- OrthotopeCover( ) outperforms polygonal solver of Daniels, et al. [CCCG2003] by at least 2 orders of magnitude
- Simpler geometric operations (no Minkowski sum)
- Volume tests that do not generalize to arbitrary polygons

Example:

4 identical square covering shapes

Daniels, et al. [CCCG2003]:

Current paper:

167 triangular parts

4 square parts

94 triangle vertices

5 square vertices

888 groups

80 groups

875 seconds

0.2 seconds

450 MHz CPU Sun SPARC Ultra 60TM with 512 MB memory

cover shape volume= = 1.21

Results in 3d and 4d:

d = dimension

N = number of covering shapes

3 GHz 64-bit Intel PentiumTM D CPU with 2 GB memory

csv = cover shape volume

j = total number of parts of P

maximum aspect ratio of a covering shape = 4

2d views of 3d covering using OpenGL

More results in 3d:

1 GHz Intel PentiumTM 4 CPU with 1/2 GB memory

N = number of covering shapes

d = dimension

d = a generic part of P

j = total number of parts of P

Quantized Effective Volume Ratio

Dimension-independent Volume Margin

Effectiveness of Y

~10 instances for each parameter combination

tp = total points.

r = correlation coefficient between Y and % coverage

1 GHz Intel PentiumTM 4 CPU with 1/2 GB memory

d # jN #calls %savings

instances saved

47.2

3

17

8192

2.8

12-18

128-4096

2.3

12-16

58.8

3

13

test added

Heuristic:

Effectiveness of Y

# calls saved = average per instance

% savings = average relative % savings of LCG_Cover( ) calls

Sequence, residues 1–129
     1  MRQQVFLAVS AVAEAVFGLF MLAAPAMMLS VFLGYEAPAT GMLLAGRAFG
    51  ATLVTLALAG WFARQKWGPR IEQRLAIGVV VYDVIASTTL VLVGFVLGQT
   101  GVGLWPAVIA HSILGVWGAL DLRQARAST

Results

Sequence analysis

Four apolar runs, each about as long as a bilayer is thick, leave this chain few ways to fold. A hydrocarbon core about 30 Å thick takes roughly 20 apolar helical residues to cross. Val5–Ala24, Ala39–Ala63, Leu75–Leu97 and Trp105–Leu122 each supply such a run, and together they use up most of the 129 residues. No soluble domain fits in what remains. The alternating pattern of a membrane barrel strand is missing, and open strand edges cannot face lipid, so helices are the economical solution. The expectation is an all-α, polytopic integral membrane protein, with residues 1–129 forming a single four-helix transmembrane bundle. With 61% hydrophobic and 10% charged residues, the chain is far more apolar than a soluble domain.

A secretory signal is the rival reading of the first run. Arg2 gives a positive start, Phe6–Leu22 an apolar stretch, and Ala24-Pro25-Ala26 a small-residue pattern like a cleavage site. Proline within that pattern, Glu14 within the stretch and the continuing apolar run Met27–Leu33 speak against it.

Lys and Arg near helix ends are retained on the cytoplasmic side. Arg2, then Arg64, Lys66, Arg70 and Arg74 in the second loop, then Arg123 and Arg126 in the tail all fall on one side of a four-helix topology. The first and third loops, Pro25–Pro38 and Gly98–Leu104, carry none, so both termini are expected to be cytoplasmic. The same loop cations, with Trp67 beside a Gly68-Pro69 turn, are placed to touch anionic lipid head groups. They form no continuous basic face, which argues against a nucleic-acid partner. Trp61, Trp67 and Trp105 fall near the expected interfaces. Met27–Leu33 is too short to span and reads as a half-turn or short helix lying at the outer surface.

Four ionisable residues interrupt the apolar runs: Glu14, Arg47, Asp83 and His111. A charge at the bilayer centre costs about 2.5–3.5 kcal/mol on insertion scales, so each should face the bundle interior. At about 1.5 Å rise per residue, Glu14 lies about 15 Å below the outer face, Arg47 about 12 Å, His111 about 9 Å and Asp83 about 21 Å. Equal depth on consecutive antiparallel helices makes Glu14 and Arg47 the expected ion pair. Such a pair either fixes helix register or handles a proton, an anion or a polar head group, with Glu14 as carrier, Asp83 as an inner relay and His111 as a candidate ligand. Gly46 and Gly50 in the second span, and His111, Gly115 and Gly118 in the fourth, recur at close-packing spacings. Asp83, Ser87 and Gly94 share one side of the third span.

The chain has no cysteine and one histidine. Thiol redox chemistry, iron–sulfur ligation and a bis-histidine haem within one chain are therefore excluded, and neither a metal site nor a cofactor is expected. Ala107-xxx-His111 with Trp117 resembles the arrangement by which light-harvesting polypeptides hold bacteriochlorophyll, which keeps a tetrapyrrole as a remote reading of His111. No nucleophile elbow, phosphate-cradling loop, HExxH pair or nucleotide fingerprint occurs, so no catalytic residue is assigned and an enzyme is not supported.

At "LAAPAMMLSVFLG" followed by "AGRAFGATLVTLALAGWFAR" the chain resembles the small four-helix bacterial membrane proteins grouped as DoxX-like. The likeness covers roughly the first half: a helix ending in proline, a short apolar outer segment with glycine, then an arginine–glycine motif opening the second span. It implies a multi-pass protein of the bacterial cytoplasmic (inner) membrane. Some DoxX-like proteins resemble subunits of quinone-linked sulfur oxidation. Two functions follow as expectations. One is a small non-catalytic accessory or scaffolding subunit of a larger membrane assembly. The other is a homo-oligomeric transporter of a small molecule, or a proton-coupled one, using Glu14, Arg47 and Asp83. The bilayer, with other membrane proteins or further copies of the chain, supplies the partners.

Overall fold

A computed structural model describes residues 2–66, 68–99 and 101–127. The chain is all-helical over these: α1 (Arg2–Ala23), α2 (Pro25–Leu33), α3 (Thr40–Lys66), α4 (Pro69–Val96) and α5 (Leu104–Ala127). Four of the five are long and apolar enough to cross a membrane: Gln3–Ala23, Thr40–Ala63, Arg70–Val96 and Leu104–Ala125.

100% coverage was reached by original & revised heuristic in all these cases.

3 GHz 64-bit Intel PentiumTM D CPU with 2 GB memory

- Execution Time
- OrthotopeCover( ) dominated by LGC_Cover( )
- LGC_Cover( ) dominated by deterministic 1-OPT
- 1-OPT attempts to increase lower bound on Lagrangian dual

- Unlike polygonal heuristic in which group maintenance dominates

- Alternatives to 1-OPT
- 2-OPT too expensive
- Randomization:
- Simulated annealing’s random swaps inferior to 1-OPT
- Random group sampling weakens 1-OPT

- 1-OPT Preprocessing
- 1-OPT really behaves like a greedy global improvement strategy
- 1-OPT preprocessing yields improvement in:
- 75% of 2d instances
- 87% of 3d instances
- 64% of 4d instances

Test suite = subset of 30 of our randomly generated instances: 10 2d, 10 3d, 10 4d

3 GHz 64-bit Intel PentiumTM D CPU with 2 GB memory

1-OPT heuristic swaps groups for cover shape that best improves objective function until no improvement.

- Monotonicity across calls to LGC_Cover( ) Lagrangian heuristic
- No theoretical guarantee that number of parts covered increases.
- Number of parts doubles before each LGC_Cover( ) call.
- LGC_Cover( ) is only a heuristic.

- Success depends on N, d, thickness of cover, richness of group structure and strength of LGC_Cover( ).
- Group structure is rich.
- 1-OPT helps LGC_Cover( ) cover increasing number of parts.

- Sample progression for 2d, N = 6, csv = 1.25:
- 504 of 512 parts covered (98.4%)
- 1014 of 1024 parts covered (99.%)
- 2039 of 2048 parts covered (99.6%)
- 4096 of 4096 parts covered (100%)

- No theoretical guarantee that number of parts covered increases.

monotonically increasing

Test suite = subset of 30 of our randomly generated instances: 10 2d, 10 3d, 10 4d

3 GHz 64-bit Intel PentiumTM D CPU with 2 GB memory

1-OPT heuristic swaps groups for cover shape that best improves objective function until no improvement.

- Partition-based, translational, box covering heuristic has dimension as an input.
- Set covering approach uses uniform refinement.
- First 3d, 4d heuristic results for our translational box covering problem
- Found covers for some instances with as many as 50 covering shapes.

- Box covering heuristic outperforms general, polygonal heuristic in 2d rectangular experiment.
- Dimension-independent volume margin avoids many refinement steps.
- Computational considerations
- Execution time is dominated by deterministic 1-OPT improvement heuristic.